The Perfect Valentine’s Day Gift for a Mother

When he asked me what I wanted for Valentine’s Day?

I’d grinned and said all I wanted was a clean house.





I mean, National Geographics wave across the study like a sea. Boys erupt here, lego this lava everywhere.

There are dolls, two girl in this blast of boys, and their stream of scissors, and papers, and scraps.

There are days I’m the volcano on the verge.

Come Valentine’s Day, I’m standing in the kitchen icing mounds of cupcakes.

Smooth out the pink icing.

Reach for another cinnamon heart.

Augustine had said that in The City of God:

All vice is but disordered love.

It’s the house that’s in disarray.

And there’s the Valentine’s flag to be hung.

And the Valentine’s cards to hide — lopsided and gloriously over-glued.

And the Valentine table to be set. That is the thing: Everything in the world is love — just right-ordered or wrong-ordered. 

Turn the cupcake in hand.

Smooth out the icing. 

The work of a life is to reorder the love — to turn all things towards the True Lover. Forget how disordered the house is — how’s my heart? 

If I moved a stack of books, reached over dishes and pencils and crayons, I could get to the music, turn on something lovely. Turn. Turn.

I try not to get icing on the home-made hearts on the counter.

I try to write my own Valentine’s. This is what a mother can do –Remind herself how to reorder her love and I should write it on my hands in red:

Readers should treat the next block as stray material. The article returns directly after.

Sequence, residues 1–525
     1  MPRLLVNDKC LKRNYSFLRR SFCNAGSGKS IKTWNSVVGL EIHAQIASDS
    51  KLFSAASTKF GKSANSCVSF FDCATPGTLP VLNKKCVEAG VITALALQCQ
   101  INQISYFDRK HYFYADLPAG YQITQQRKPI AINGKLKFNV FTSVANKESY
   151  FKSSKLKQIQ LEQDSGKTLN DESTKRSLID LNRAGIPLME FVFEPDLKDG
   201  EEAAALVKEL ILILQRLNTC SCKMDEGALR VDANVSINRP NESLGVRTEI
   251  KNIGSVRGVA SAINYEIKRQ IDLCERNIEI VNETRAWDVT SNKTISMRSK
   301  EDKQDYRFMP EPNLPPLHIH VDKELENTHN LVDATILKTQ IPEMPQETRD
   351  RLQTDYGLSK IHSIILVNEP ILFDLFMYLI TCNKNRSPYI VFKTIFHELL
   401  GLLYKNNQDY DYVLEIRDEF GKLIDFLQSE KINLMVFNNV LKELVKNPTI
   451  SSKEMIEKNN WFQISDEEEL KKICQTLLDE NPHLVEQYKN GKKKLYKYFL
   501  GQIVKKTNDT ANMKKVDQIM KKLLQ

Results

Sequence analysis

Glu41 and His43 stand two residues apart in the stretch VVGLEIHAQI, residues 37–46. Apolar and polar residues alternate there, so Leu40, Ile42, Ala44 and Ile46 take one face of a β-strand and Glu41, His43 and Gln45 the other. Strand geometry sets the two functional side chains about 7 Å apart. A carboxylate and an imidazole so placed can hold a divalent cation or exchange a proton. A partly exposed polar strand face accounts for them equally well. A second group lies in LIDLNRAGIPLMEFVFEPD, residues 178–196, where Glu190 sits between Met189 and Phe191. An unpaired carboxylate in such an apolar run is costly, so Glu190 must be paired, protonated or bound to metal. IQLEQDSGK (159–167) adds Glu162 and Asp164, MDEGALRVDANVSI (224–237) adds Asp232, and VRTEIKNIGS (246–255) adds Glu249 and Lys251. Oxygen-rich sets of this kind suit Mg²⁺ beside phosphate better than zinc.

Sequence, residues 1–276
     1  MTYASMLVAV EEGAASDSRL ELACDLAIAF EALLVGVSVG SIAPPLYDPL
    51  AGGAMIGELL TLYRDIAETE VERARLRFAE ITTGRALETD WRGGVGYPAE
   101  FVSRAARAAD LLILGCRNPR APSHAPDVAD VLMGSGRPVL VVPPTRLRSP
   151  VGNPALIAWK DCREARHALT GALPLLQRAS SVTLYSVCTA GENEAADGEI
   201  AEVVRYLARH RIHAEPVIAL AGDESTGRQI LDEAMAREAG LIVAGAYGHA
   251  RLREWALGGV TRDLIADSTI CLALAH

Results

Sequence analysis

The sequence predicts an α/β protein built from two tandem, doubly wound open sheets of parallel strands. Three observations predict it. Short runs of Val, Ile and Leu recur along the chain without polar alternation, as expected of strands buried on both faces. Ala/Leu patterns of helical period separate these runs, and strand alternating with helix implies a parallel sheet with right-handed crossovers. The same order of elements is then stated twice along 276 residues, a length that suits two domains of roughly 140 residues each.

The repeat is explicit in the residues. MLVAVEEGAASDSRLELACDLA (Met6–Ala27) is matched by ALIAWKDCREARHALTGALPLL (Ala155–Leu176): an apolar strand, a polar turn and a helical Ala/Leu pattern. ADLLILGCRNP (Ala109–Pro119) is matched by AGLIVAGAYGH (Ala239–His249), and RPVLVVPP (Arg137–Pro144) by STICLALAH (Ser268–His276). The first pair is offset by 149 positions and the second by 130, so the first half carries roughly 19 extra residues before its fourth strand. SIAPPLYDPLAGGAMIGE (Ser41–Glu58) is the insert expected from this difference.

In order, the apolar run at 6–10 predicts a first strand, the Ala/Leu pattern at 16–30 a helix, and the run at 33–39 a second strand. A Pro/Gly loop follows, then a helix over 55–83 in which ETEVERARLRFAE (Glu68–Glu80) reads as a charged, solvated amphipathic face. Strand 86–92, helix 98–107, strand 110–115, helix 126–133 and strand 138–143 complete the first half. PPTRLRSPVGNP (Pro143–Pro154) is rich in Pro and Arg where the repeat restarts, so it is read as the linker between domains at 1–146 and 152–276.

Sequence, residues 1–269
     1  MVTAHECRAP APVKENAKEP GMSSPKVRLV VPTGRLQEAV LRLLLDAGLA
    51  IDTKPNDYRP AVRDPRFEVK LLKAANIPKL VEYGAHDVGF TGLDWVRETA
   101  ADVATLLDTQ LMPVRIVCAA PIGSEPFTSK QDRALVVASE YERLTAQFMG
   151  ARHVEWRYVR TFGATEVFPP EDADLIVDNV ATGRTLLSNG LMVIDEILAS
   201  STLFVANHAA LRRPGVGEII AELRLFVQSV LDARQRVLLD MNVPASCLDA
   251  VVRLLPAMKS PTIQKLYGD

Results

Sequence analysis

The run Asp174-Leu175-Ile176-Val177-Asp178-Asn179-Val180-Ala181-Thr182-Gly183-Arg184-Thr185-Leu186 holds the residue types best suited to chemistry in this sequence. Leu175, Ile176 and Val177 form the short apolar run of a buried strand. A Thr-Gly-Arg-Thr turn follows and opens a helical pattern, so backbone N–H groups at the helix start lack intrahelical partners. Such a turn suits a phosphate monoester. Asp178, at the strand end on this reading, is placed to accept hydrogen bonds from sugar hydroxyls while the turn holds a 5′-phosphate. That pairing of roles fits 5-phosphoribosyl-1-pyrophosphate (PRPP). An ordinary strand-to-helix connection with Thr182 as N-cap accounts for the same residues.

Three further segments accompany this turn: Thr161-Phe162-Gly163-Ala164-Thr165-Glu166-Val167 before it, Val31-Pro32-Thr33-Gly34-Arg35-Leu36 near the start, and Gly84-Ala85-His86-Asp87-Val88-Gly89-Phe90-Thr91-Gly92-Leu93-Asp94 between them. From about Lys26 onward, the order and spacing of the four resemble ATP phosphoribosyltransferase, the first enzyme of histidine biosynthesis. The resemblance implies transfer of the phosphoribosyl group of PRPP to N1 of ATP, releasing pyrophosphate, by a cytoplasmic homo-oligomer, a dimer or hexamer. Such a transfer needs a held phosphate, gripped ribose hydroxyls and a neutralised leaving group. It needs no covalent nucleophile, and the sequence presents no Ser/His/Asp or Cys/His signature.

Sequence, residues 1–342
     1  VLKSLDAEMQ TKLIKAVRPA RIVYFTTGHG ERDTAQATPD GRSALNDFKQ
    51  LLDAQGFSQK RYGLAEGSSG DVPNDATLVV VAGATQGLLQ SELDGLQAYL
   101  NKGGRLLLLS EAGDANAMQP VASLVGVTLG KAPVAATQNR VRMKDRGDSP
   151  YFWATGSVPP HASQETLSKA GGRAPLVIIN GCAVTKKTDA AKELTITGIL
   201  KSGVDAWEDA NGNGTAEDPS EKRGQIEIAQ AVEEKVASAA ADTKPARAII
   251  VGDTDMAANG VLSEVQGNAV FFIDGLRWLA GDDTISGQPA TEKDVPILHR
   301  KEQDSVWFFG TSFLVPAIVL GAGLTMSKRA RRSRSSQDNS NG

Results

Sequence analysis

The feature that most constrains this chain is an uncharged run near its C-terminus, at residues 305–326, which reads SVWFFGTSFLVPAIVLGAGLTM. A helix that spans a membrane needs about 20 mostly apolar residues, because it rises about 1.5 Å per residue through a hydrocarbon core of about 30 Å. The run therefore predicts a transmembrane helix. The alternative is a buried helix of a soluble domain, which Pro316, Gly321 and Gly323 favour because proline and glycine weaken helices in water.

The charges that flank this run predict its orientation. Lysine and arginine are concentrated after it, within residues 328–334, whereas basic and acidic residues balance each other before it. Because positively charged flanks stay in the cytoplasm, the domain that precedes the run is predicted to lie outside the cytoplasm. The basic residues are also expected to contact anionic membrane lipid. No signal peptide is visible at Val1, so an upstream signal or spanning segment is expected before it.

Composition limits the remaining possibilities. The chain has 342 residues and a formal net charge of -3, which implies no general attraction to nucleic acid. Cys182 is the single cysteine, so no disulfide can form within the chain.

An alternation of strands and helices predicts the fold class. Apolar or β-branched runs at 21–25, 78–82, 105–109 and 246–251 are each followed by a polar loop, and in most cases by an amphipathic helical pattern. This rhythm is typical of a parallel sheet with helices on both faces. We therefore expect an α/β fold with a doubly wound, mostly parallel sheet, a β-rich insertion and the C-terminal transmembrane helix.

Sin is what happens when our love gets disordered. And it’s never worth disordering the heart to get a right-ordered house.

How is my love ordered? Towards a Better Homes and Gardens House? Or a better, holy, godly heart? 

A right-ordered house isn’t virtuous like a right-ordered heart

It’s true: I could close my eyes to the magma of mess. But the thing is: Love isn’t blind. Love is the holy sight.

Love has the long, real sight, that  sees what won’t burn up. Love’s priorities are things unseen. 

“They sure are sweet, aren’t they?”

A boy grins over at me, his lips all cinnamon red.

I smile and wink and he whispers it all silly, “Will you be my Valentine?”

Icing cupcakes, it’s my heart that melts, dropping these cinnamon hearts like molten love, love and these souls that outlast fire::

Nothing changes and the perfect gift is the heart ordered after His.


In a messy house, I turn, turn, and grab all that erupting boy in a long hug and the house, everything, it falls into this perfect order.

These hearts turned towards each other and close and falling into this sweet, right-ordered one beat.



Love’s Priorities are Things Unseen